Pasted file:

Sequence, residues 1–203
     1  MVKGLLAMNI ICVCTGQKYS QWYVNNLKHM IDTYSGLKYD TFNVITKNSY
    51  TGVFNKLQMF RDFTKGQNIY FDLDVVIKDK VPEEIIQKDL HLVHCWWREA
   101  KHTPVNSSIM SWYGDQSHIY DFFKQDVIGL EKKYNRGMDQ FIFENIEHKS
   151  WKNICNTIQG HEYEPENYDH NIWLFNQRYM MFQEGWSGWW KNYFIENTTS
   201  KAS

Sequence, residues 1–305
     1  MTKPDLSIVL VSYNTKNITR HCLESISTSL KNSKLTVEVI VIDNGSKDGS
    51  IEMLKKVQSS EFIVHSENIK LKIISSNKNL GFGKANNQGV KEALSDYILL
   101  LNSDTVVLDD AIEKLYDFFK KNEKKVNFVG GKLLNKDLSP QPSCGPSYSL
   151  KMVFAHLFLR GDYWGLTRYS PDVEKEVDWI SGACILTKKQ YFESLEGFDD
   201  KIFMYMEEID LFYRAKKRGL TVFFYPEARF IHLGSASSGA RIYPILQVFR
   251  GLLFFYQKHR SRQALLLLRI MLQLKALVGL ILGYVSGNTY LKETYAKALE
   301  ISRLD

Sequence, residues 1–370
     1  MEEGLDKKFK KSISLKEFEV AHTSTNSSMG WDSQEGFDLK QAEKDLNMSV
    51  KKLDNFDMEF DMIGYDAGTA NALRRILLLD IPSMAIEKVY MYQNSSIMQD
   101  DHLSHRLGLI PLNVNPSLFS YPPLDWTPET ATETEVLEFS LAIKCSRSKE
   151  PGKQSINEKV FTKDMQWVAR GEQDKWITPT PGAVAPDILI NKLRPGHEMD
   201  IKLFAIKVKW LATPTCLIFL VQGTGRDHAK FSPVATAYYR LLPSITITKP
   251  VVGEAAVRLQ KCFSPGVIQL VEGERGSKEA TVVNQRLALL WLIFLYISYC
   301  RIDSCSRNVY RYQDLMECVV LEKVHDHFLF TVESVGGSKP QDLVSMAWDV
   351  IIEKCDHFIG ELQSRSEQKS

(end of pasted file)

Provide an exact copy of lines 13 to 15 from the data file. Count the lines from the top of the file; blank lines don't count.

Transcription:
   251  GLLFFYQKHR SRQALLLLRI MLQLKALVGL ILGYVSGNTY LKETYAKALE
   301  ISRLD

Sequence, residues 1–370